The Things We Don't Do

Many authors are compared to Roberto Bolaño. However, very few authors have the privilege of having a Roberto Bolaño quote on the cover of their work; and at that, one which states, “Good readers will find something that can be found only in great literature.” You will find this on the covers of Andres Neuman’s works. In addition, Music & Literature claims “Neuman has transcended the boundaries of geography, time, and language to become one of the most significant writers of the early twenty-first century.” Based on Neuman’s introduction to the English-speaking audience with his novel Traveler of a Century —which I still personally believe is our modern-day War and Peace or Anna Karenina —I find absolute truth in the quotes from both Roberto Bolaño and M&L.

The Things We Don’t Do —Neuman’s latest work in English translation—does not disappoint. Admittedly, I was very reluctant to shift to a male author in the midst of my Elena Ferrante and Clarice Lispector binge. However, I was quickly reminded of why one should read Neuman. Neuman’s work consists of the combination of the reasons you should read Elena Ferrante and Clarice Lispector with the caveat being that Neuman’s talent is in his ability to capture the voices of all genders, ages, and backgrounds in his works while bringing sparse language to a new level. As M&L said, Neuman transcends time, but also literary history and talent.

The Things We Don’t Do is divided into four parts, which appear to be based on thematic similarities between the short stories in their respective sections, and ending with a section containing clever aphorisms on writing within the short story form. The strength of the collection lies in Neuman’s ability to craft short stories covering topics, on which people remain silent or which they often forget completely. These topics range from terminal illness to suicide to the contents of hotel guest-books, to experiences of sex intertwined with birth and the information one can learn from a clothesline. The collection is also quite compelling due to Neuman’s playfulness when it comes to mind games, which are scattered throughout the entire collection. Each story starts from zero, embellishing the suspense of the collection as a whole and causing the reader to finish reading the work in one sitting. As Neuman himself states:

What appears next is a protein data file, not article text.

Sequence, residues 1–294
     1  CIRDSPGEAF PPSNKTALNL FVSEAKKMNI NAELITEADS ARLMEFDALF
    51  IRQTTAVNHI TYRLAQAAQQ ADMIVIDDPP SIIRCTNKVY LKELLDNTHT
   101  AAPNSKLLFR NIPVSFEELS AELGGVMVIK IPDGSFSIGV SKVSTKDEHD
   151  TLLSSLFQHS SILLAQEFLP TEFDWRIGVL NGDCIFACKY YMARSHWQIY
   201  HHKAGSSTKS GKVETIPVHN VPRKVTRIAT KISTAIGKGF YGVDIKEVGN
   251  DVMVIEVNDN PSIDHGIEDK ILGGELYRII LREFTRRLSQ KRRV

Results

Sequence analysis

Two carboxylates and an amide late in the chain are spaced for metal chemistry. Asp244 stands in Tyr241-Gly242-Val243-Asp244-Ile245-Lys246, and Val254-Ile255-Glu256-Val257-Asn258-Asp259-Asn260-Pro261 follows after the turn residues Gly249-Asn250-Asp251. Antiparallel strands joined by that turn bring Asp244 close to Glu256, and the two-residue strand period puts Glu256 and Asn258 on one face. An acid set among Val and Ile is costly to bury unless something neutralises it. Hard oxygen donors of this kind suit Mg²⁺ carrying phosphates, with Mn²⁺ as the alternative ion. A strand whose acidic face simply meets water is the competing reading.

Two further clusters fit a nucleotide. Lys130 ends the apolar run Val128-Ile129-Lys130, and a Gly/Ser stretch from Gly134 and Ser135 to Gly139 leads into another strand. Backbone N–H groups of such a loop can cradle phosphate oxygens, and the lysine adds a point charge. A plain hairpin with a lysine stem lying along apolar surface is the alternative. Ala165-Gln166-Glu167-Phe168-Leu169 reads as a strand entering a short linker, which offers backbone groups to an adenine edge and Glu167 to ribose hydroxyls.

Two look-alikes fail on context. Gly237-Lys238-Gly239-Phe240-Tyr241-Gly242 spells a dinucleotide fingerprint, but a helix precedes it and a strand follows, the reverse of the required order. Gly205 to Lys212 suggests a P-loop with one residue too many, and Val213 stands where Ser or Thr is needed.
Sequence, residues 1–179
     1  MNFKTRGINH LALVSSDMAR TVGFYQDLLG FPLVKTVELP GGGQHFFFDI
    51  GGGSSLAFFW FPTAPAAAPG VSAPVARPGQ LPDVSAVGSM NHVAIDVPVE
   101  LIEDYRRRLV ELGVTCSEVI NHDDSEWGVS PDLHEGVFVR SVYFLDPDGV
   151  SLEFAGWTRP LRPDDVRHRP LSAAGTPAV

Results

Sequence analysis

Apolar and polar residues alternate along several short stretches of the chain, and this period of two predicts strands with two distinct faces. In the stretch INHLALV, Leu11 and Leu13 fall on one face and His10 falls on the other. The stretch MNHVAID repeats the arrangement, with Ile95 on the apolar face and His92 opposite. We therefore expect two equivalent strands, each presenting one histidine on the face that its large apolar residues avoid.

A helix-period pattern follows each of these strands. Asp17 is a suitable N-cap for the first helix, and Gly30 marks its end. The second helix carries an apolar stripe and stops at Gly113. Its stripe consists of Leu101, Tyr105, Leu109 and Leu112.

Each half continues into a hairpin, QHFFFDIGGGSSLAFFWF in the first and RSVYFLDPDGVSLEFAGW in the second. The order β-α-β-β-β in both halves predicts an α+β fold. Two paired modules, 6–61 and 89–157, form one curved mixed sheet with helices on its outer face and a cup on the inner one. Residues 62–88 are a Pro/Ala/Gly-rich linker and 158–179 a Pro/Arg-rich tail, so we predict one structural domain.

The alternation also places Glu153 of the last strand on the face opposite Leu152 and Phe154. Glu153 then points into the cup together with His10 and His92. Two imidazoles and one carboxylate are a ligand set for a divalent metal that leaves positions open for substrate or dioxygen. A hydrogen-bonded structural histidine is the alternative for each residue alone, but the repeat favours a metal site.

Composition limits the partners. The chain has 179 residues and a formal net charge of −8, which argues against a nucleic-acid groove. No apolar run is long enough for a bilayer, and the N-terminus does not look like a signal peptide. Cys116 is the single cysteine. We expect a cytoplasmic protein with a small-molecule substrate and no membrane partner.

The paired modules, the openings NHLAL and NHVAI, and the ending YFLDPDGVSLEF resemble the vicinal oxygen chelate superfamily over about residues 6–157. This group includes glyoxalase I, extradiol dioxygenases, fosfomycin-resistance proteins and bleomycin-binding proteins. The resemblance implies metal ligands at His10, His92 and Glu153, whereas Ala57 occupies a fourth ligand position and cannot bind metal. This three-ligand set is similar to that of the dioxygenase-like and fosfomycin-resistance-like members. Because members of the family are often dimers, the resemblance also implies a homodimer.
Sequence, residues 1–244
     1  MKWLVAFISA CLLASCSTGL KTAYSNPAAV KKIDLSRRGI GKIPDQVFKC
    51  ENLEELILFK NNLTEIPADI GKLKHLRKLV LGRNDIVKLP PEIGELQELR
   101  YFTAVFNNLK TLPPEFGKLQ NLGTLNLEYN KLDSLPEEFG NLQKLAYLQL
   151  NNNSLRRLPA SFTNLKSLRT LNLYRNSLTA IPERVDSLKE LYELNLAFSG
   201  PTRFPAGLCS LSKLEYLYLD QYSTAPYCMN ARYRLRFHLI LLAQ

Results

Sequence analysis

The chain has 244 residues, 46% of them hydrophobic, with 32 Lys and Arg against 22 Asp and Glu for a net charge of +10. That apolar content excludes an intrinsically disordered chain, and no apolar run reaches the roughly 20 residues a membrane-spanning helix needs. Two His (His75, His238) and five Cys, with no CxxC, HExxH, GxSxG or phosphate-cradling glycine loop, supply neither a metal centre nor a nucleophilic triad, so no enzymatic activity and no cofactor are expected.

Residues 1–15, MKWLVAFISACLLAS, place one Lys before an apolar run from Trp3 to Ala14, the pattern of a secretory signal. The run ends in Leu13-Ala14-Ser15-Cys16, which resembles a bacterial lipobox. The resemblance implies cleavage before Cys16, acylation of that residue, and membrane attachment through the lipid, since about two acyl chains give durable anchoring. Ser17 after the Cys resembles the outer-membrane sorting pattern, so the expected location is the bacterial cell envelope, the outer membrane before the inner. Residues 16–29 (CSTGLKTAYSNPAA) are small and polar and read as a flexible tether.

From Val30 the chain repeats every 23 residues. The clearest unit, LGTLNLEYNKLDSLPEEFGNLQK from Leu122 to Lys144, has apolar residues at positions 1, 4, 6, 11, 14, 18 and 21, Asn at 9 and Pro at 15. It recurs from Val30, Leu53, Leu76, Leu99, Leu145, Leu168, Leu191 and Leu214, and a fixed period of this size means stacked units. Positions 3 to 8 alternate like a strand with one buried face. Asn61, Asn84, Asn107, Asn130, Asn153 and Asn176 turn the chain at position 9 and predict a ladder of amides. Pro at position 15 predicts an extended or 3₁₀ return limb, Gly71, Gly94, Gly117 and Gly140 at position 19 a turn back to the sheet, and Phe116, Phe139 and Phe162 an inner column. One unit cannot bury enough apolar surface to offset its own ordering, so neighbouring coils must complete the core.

The extreme freedom of a book of short stories derives from the possibility of starting from zero each time. To demand unity from it is like padlocking the laboratory.

Perhaps the most notable short story was “The Innocence Test” because of its relevance to the discourse focused on police power-limitations, which now is front and center in the news cycle. The story starts with a protagonist proclaiming:

Yes, I like it that the police question me. We all need someone to confirm to us that we truly are good citizens. That we are innocent. That we have nothing to hide.

Right away, the reader is left to wonder what sane person would ever make such a statement. As one can guess, the tale quickly shifts into the murkiness of police power in situations where there is no threat and instead only mere suspicion and unchecked power on the part of the government. The story is timeless, yet relevant at the same time. As the future approaches, each story in this collection will have only its relevance in relation to discourses of the time as it moves forward into the future.

The last section of The Things We Don’t Do is comprised of a series of statements—not meant to be “dogmatic poetics” but are “happy to contradict each other”—serving as an enjoyable reference on the art of writing short stories. The section’s placement serves as a dare to the reader to apply the preceding stories to the statements as a test of whether the collection passes a muster that can only come from an author who is aware of his language, his peers, and what came before and what will come after.

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